Filenames that use Linux reserved characters can also cause problems.


+1 Check this in your filenames. I could never get images to upload properly until I discovered this little caveat.
 
greencardigan
salperta wrote:

Thanks greencardigan, that's really helpful info. So do you have the air exiting in-line with the suction on the opposite side of the fan, where the motor is, like in the attached picture? (As opposed to at a 90 degree angle, as in a typical blower vac, like the picture of the one I attached in the first post?)

Yes, the air exits in line with the small suction hole and around the motor. I've attached afew pics showing how I have mine in the tube.
greencardigan attached the following images:
withheater.jpg air-out.jpg air-in.jpg
 
salperta
Those pictures are super helpful, thanks again greencardigan. My motor is a bit bigger, about 5" diameter. Went out to find PVC for it, but unfortunately Lowes carries 4" and 6" PVC, but not fivethumbdown The hunt continues, though I may just have to print the part. We'll have to see! I've ordered most of my initial parts and when they arrive I'll take measurements and start designing the case, airflow, etc. I'll keep this thread updated in case anyone is interested and because I'll probably have questions too along the way. Thanks so far to everyone for their advice.
 
CharcoalRoaster
On my first build I used a spa blower boot to fit my vac motor and it has worked out really well. I don't know if you can still find them but here's a link to a pic of what it looks like: https://www.spaan...lower.aspx
 
salperta
Alright, so I've been working away. Couldn't find any spa blower boots, unfortunately, although that's the perfect thing, so I designed a case for 3d-printing, that does the same thing. The issue I'm currently facing is how to control the power on the vacuum motor. I had an ac/dc power supply sitting around, and i ran it through a dc speed controller, but it can only output about 198 watts, which I don't think is enough to really get the fan blowing enough air. How do people control the speed of their motors? Mine is a 120v 12amp model. I probably don't need that much power, but I do need more than 198 watts, I think. I imagine a variac would work, but high-amp variacs are pretty expensive, it seems. Any other suggestions?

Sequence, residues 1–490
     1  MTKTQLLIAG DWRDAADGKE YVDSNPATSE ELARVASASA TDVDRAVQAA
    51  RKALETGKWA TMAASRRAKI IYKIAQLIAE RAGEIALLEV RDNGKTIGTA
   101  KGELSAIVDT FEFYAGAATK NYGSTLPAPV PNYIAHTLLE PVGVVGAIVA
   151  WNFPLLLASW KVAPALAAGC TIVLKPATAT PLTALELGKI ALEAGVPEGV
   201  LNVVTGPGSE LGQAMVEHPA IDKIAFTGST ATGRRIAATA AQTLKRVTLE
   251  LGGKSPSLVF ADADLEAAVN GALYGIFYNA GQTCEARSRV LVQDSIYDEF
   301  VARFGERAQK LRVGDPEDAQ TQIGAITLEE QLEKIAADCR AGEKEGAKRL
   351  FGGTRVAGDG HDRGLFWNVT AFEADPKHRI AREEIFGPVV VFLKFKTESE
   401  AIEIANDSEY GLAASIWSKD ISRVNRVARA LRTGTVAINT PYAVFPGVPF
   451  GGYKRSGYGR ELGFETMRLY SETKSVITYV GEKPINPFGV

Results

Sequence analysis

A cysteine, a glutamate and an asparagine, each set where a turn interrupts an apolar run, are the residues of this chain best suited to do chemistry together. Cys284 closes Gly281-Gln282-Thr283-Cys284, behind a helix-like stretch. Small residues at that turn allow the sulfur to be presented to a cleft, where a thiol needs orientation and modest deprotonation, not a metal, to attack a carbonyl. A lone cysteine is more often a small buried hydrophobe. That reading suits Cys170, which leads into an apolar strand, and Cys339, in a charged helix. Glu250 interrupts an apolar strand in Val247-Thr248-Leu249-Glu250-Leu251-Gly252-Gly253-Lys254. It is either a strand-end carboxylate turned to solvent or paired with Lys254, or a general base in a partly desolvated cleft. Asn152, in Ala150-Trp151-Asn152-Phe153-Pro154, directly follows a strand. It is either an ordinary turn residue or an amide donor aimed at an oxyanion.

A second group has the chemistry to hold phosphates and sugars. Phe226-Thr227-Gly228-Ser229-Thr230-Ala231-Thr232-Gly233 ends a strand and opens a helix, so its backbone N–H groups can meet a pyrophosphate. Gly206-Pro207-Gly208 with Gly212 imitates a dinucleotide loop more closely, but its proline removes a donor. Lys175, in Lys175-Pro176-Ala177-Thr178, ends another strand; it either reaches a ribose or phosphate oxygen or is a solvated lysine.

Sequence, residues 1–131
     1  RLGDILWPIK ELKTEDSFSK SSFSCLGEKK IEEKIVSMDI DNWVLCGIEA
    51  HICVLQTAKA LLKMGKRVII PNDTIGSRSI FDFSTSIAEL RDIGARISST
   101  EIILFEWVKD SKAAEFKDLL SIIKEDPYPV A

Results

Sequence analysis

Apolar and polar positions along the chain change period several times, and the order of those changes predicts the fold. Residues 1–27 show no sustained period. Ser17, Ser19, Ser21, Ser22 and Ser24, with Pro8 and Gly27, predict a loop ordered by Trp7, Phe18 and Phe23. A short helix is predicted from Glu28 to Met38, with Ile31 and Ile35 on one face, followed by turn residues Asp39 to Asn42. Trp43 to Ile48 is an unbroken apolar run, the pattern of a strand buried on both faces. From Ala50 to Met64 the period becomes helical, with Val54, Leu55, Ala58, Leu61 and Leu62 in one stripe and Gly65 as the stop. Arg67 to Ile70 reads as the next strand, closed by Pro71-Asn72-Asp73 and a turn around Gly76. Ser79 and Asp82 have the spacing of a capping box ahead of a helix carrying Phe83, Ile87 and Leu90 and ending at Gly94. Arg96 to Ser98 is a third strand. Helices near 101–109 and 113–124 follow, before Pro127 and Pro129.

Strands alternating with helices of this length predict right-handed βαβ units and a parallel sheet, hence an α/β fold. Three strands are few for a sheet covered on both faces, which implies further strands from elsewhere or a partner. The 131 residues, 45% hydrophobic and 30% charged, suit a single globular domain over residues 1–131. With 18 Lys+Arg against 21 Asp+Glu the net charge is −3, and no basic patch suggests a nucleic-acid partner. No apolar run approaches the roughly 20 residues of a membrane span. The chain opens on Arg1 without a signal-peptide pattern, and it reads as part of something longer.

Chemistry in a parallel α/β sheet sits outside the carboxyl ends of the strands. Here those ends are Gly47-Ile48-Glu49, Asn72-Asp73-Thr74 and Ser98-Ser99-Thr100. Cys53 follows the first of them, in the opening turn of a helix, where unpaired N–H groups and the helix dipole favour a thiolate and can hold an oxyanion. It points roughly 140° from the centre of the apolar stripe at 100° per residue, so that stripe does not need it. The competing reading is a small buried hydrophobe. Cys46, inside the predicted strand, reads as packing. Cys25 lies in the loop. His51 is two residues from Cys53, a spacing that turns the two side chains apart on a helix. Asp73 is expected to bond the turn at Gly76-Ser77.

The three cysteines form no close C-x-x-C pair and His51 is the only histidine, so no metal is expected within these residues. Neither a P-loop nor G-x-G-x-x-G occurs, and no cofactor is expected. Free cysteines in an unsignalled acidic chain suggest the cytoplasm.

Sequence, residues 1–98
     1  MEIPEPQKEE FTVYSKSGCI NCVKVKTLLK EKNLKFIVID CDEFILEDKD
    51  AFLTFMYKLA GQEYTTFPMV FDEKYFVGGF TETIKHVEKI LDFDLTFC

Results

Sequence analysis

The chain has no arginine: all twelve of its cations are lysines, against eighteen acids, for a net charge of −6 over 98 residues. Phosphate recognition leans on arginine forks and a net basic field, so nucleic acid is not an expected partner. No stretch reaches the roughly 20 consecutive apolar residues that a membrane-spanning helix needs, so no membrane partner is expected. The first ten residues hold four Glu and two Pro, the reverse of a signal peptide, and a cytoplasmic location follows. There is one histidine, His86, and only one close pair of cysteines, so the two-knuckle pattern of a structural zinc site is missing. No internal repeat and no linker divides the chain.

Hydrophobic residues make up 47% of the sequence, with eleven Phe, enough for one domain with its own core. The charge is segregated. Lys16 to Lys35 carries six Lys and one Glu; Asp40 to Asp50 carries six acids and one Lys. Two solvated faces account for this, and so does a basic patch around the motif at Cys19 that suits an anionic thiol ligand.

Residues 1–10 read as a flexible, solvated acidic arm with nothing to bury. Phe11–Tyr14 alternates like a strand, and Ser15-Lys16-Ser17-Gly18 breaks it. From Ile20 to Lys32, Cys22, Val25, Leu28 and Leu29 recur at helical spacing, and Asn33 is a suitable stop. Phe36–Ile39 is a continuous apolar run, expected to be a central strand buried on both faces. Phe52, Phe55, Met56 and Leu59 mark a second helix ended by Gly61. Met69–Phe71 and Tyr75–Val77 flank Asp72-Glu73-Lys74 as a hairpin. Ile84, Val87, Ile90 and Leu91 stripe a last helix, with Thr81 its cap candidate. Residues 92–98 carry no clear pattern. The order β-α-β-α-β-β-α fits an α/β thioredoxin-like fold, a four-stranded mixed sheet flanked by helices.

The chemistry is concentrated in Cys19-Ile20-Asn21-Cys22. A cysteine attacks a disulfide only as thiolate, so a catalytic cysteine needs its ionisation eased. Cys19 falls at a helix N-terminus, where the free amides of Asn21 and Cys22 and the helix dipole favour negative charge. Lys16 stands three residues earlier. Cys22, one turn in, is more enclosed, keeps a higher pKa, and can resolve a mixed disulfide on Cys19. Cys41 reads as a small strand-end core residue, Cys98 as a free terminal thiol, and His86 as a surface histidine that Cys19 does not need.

Thanks so much, everyone!
Saul
 
salperta
OK, so a little more research today. Is this the proper item here: a 25A SSVR?

They don't recommend it for motor control because of torque, but since there won't be any load on the motor, maybe not an issue. Seems like others might be using these?

https://www.auber...cts_id=332
Thanks!
Edited by JackH on 06/28/2019 9:05 AM
 
salperta
Andddd I should mention I'm planning to control the heating element with an Arduino interfacing with my computer. I figured I would adjust the blower manually to keep circulation consistent throughout the roast. Wanted to mention that in case it changes the best way to control the blower. Thanks again, sorry for being so scattered.
 
allenb
salperta wrote:

OK, so a little more research today. Is this the proper item here: a 25A SSVR?

They don't recommend it for motor control because of torque, but since there won't be any load on the motor, maybe not an issue. Seems like others might be using these?

https://www.auber...cts_id=332
Thanks!


Since universal motors (most vacuum motors), behave more like a resistive load versus a true inductive load, there shouldn't be any problems using the SSVR to control it. Many have used AC dimmers of various types to control vacuum motors.
1/2 lb and 1 lb drum, Siemens Sirocco fluidbed, presspot, chemex, cajun biggin brewer from the backwoods of Louisiana
 
renatoa
Depends of SSR type and how is controlled...
A ZC SSR for example, can't be controlled by phase angle, to act as a dimmer. He needs a random fire SSR for this task.
 
Jump to Forum:

Similar Threads

Thread Forum Replies Last Post
Transparent Fluid Bed Design Building a Coffee Roaster 111 12/02/2019 7:32 AM
Fluid Bed Roaster Build - bye bye Heat Gun and Flour Sifter Fluidbed Roaster 64 11/28/2019 7:18 AM
New Drum Build -- MAYBE Drum Roasters 2 11/25/2019 2:36 AM
Immersion Style Fluid Bed Concept Fluidbed Roaster 26 11/13/2019 5:31 AM
New 1kg drum roaster build Drum Roasters 8 10/10/2019 9:53 AM
Homeroasters Association Logo, and all Content, Images, and Icons © 2005-2016 Homeroasters Association - Logos are the property of their respective owners.
Powered by PHP-Fusion Copyright © 2019 PHP-Fusion Inc
Released as free software without warranties under GNU Affero GPL v3
Designed with by NetriX